Herbalist jailed 7 years for defrauding NDDC ex-chairman 4 years ago 0

ABUJA — A 34-year old herbalist, Matthew Sonoma a.k.a “Dr Perebokowe Ogah” has been sentenced to seven years imprisonment with hard labour, by a Federal High Court in Abuja sequel to his alleged complicity in Advance Fee Fraud otherwise known as 419.

The herbalist was specifically accused of duping a former chairman of the Niger Delta Development Commission, NDDC, Ambassador Sam Edem, to the tune of N715 milion.

Trial Justice Gabriel Kolawole convicted the Warri-based herbalist on the strength of a 15-count criminal charge  preferred against him by the Inspector General of Police.

The court said it was satisfied that the accused person contravened section 7(2) (b) of the Advance Fee Fraud and Other Related Offences Act, 2006.

Edem had, in his petition to the Police, alleged that he paid the money into the account the accused person opened with the Ugheli branch of Oceanic Bank. He claimed that the money was a loan he gave the herbalist to execute a business deal.

The petitioner, however, lamented that Sonama reneged to refund the money and instead allegedly threatened his life while the money was kept away from the original bank account.

It would be recalled that the police had also arraigned the former NDDC chairman before an Abuja High Court in Wuse on allegation that he unlawfully spent about N800 million belonging to the commission on the convicted sorcerer.

Though Edem denied the allegation in court, police, however, insisted that during investigations into the petition, it uncovered that the NNDC ex-boss spent the said sum to secure the services of the accused person with a view to getting protection and favourable contracts from Governor Godswill Akpabio of Akwa Ibom State.

Police further told the court that the spiritualist confessed that he was paid to help him (Edem) make some sacrifices to be able to retain his position as the commission’s chairman.

However, the NDDC boss refuted the allegation, maintaining that the accused person threatened him into releasing the money, adding that he never paid the spiritualist directly.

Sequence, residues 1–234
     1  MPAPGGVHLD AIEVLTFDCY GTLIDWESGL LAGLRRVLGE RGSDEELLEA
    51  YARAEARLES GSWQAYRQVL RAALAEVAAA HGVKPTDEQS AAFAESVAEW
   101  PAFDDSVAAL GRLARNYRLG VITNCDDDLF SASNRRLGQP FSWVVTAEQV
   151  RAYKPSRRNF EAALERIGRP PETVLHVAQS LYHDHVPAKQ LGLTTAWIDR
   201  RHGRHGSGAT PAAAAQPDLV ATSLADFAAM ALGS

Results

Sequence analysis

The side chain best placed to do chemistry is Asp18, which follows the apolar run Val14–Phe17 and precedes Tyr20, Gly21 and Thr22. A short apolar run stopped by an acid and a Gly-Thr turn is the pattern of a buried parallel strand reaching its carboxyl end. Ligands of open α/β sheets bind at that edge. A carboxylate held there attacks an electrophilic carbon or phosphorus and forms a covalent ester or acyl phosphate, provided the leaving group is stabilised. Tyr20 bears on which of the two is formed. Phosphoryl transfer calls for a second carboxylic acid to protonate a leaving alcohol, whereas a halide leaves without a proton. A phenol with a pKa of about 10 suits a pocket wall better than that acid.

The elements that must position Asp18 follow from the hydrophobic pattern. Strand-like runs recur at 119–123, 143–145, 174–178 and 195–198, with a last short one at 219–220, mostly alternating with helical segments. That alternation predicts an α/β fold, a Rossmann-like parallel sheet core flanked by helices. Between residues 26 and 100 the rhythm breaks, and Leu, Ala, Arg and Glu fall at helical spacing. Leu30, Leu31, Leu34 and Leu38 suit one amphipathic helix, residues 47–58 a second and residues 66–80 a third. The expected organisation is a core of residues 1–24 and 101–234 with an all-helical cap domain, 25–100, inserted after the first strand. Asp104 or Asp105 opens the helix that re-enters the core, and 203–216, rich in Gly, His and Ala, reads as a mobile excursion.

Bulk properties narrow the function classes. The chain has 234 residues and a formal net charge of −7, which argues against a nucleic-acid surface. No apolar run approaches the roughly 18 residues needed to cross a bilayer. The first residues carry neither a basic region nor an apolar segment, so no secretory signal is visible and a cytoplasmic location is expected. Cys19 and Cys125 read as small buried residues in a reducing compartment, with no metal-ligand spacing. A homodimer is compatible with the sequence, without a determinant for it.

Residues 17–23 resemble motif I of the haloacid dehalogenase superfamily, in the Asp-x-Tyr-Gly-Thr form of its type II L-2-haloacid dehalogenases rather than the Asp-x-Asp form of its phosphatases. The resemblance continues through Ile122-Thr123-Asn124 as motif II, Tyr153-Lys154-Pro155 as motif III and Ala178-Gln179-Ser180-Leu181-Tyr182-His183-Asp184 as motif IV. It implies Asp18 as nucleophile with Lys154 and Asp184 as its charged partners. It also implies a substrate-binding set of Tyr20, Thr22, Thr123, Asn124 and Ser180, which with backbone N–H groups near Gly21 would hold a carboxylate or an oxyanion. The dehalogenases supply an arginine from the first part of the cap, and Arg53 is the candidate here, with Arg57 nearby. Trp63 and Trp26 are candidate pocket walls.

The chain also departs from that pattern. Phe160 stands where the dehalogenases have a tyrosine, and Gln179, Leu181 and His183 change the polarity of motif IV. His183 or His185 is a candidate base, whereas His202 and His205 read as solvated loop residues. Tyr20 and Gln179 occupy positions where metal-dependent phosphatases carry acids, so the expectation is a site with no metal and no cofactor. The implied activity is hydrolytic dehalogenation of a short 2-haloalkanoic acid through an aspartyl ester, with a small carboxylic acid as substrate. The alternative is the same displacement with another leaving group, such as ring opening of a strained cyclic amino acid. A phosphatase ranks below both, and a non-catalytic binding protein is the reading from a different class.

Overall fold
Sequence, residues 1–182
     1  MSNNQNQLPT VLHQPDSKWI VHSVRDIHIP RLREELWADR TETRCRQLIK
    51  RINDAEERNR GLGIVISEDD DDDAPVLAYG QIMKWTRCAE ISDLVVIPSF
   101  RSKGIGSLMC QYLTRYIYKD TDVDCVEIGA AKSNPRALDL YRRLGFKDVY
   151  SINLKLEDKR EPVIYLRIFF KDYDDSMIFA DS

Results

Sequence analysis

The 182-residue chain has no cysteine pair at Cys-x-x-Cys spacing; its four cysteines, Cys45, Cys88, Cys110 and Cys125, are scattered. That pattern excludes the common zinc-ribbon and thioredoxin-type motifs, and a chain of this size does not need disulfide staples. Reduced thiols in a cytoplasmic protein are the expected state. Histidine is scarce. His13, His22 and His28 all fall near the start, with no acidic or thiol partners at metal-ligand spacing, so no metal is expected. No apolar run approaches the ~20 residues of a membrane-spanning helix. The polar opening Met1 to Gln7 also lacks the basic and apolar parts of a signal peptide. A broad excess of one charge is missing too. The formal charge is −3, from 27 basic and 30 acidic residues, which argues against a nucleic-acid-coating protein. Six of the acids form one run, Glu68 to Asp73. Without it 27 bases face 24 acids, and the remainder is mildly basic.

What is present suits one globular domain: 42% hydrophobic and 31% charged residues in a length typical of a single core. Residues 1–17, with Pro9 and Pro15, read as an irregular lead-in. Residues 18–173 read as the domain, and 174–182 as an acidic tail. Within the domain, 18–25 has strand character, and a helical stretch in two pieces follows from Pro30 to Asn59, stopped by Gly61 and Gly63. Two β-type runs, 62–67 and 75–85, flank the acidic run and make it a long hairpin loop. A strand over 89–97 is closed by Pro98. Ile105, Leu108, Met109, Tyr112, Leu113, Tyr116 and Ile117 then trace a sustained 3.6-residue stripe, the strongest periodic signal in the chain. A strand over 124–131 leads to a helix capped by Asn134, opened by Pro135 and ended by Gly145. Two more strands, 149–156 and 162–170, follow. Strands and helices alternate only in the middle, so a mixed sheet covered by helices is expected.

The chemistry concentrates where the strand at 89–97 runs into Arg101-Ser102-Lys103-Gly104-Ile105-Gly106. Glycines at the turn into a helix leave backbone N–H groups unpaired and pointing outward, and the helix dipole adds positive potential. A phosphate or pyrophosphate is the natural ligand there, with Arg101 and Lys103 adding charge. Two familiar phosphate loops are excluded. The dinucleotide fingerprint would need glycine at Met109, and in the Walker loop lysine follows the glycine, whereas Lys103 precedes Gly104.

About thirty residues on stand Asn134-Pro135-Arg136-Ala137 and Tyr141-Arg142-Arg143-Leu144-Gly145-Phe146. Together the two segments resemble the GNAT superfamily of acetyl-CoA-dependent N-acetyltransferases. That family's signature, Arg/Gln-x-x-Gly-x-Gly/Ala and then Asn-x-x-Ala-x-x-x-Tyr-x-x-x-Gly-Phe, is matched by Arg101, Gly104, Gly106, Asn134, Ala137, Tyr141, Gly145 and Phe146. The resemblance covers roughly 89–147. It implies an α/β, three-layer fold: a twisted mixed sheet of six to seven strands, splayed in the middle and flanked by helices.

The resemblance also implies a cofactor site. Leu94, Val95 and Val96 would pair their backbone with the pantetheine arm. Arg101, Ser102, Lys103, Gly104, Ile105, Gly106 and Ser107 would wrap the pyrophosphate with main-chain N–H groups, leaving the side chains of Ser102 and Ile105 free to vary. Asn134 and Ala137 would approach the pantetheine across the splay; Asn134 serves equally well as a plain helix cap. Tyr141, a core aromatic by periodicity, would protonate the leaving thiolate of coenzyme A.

Edem told the court that he paid the money through his Personal Assistant, an SSS officer attached to him, one Mr. Denis, now at large, upon his advice.

Meantime, in his 66 paged judgment on the case against “Dr Perebokowe Ogah”, Justice Kolawole noted that going by the proof of evidence before the court, the ex-NDDC boss paid the amount into the accused person’s account with Oceanic bank Plc, Warri branch.

The Judge said there was evidence that though the accused opened the said account with his real name, however, following the petition to police, the native doctor, hurriedly opened another account with the same bank under a false name Tunwere Ejoor where he transferred the money in order to conceal the source and location of the money.

Justice Kolawole said from the overwhelming bank documents and evidence-in-chief of the bank Manager, the prosecution, proved beyond doubt that the convict had fraudulent intention in transferring the said money to another account under false name during the pendency of police investigation.

The court agreed with the prosecution counsel, Mr. Simon Lough, that the jailed herbalist got the money from his victim with fraudulent intention since he failed to disclosed the services he rendered to the diplomat that warranted the payment of the huge sum.

It was the judgment of the trial court that the convict failed to prove that the money was payment for services he rendered to Edem, noting that he was unable to disclose the nature of such services when he was called upon to do so.

Consequently, the court dismissed argument of the native doctor that he adopted a new name owing to disagreement he had with his father in the village.

The trial Judge stressed that seven years jail term with hard labour should be a reasonable penalty for the convict as prescribed under section 7 (2) (b) of the Advance Fee Fraud Act 2006.

Nevertheless, the court declined to make an order for forfeiture and restitution of the money and other exhibits seized by police from the convict. Home Page

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